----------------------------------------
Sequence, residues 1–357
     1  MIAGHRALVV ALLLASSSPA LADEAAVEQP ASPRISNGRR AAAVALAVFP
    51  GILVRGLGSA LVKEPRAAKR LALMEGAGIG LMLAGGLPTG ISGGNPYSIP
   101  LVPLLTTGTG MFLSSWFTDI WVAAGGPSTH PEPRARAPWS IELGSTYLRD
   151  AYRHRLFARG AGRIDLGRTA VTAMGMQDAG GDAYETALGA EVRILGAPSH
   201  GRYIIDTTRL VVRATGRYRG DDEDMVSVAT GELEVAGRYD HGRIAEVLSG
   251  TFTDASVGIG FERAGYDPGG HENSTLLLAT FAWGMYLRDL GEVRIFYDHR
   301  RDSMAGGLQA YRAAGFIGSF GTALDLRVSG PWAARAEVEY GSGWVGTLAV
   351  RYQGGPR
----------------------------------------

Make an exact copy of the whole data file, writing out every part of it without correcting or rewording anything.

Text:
Sequence, residues 1–357
     1  MIAGHRALVV ALLLASSSPA LADEAAVEQP ASPRISNGRR AAAVALAVFP
    51  GILVRGLGSA LVKEPRAAKR LALMEGAGIG LMLAGGLPTG ISGGNPYSIP
   101  LVPLLTTGTG MFLSSWFTDI WVAAGGPSTH PEPRARAPWS IELGSTYLRD
   151  AYRHRLFARG AGRIDLGRTA VTAMGMQDAG GDAYETALGA EVRILGAPSH
   201  GRYIIDTTRL VVRATGRYRG DDEDMVSVAT GELEVAGRYD HGRIAEVLSG
   251  TFTDASVGIG FERAGYDPGG HENSTLLLAT FAWGMYLRDL GEVRIFYDHR
   301  RDSMAGGLQA YRAAGFIGSF GTALDLRVSG PWAARAEVEY GSGWVGTLAV
   351  RYQGGPR